Non-consensual disclosure of infectious drug resistant tuberculosis status in the occupational context: Health workers stuck between a rock and a hard place

C Nnaji, S Adams, L London


Background The burden of drug-resistant tuberculosis (DR-TB) remains high in South Africa despite ongoing control efforts. DR-TB patients who are infectious and continue to work pose a substantial risk of spreading the disease at the workplace. When such patients refuse or interrupt treatment and are also unwilling to disclose their status at work they pose an infectious risk in the workplace, creating a conflict between public health good and individual human rights. Should health-workers breach confidentiality and disclose patients’ DR-TB status, or take no action while patients pose transmission risks in occupational settings? Objectives To provide professional and ethical guidance for health workers in dealing with non-consensual disclosure of DR-TB status of patients who are unwilling to disclose, continue to go to work and remain infectious. Methods A comprehensive literature search was conducted to draw on evidence relating to public health best practices and human rights normative standards. We used the findings, along with guidance from DR-TB programme managers, clinicians, occupational health physicians and human rights lawyers to develop an occupational health protocol for disclosure. Results This protocol establishes the normative, ethical and legal framework for dealing with the complexities of non-consensual disclosure and provides a set of practical standard operative procedures for health-workers in the South African setting. It also provides a legal safeguard to protect health-workers from potential litigation that may result from such duty. Conclusion Non-consensual disclosure to address the spread of DR-TB in occupational settings should be based on professional, ethical and legally-sound guidance for health-workers.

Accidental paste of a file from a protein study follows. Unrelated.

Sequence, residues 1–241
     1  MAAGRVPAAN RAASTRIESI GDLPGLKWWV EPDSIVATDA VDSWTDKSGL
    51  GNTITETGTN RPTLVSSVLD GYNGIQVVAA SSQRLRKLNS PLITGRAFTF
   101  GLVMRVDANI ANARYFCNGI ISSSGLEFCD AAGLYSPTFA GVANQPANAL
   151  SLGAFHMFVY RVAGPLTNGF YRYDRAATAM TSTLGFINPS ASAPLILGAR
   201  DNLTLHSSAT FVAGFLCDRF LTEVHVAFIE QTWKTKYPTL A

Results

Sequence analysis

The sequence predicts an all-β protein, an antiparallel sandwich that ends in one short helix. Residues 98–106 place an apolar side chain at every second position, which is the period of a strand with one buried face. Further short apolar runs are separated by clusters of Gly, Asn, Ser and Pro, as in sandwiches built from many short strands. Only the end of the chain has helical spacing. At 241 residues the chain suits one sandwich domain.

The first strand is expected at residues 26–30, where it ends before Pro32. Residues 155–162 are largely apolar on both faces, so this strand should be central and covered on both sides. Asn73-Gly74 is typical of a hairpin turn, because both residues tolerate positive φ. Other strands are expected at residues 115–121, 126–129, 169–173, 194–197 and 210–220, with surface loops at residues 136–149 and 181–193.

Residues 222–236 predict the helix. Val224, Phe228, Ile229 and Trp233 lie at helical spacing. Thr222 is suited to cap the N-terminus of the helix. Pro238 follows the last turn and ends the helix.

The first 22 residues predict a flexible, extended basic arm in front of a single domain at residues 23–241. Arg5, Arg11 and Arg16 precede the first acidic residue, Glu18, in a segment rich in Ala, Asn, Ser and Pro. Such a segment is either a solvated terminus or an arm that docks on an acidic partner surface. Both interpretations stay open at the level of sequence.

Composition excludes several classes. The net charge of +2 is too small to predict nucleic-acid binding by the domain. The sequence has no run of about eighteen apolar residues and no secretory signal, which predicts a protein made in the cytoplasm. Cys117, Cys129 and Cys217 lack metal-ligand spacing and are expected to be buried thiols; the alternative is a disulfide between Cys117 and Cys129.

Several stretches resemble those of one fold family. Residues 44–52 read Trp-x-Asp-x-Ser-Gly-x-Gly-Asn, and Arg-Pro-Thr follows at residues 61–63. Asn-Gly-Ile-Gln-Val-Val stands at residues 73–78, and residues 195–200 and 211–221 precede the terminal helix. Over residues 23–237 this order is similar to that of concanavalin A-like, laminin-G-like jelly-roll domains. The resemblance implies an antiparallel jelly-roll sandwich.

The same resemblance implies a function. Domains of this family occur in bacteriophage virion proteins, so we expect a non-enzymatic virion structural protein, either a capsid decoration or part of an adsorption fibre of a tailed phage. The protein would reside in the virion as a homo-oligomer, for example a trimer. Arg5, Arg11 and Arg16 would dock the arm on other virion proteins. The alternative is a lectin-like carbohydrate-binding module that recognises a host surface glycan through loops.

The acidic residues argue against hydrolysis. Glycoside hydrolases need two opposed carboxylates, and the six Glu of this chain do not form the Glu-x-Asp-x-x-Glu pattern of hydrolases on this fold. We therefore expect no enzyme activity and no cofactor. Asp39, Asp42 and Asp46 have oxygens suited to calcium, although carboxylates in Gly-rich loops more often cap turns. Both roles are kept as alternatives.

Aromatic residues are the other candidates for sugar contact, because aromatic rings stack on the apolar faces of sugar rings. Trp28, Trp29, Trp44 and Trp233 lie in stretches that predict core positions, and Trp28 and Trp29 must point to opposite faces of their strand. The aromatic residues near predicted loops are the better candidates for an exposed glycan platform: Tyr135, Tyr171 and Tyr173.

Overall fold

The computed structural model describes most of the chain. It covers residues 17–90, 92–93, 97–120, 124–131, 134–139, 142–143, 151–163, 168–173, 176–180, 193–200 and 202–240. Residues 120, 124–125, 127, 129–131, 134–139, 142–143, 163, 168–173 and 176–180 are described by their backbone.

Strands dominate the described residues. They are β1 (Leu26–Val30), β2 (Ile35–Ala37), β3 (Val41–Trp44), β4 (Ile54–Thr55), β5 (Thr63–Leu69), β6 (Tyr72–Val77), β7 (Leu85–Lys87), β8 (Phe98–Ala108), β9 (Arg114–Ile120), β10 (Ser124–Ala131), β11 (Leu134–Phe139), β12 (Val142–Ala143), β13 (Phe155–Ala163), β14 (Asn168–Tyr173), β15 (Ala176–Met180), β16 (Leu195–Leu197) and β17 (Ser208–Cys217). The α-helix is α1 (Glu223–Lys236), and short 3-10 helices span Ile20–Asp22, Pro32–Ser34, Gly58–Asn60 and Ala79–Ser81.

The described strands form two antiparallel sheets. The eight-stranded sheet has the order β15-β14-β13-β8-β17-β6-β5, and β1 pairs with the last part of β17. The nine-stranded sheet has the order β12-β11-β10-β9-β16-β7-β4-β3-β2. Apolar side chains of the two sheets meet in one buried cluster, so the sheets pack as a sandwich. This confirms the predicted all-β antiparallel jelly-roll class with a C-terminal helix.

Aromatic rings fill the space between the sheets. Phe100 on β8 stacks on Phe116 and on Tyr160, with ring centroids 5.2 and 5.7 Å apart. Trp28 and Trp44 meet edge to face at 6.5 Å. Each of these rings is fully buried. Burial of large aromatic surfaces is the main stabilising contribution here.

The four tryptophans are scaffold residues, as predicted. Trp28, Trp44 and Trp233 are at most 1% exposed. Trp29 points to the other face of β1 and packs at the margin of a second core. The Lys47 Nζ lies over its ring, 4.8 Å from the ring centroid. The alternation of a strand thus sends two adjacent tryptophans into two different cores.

Authors' affiliations

C Nnaji, Division of Public Health Medicine

S Adams, University of Cape Town

L London, University of Cape Town

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South African Journal of Bioethics and Law 2020;13(1):34-42. DOI:10.7196/SAJBL.2020.v13i1.00686

Article History

Date submitted: 2020-07-07
Date published: 2020-07-07

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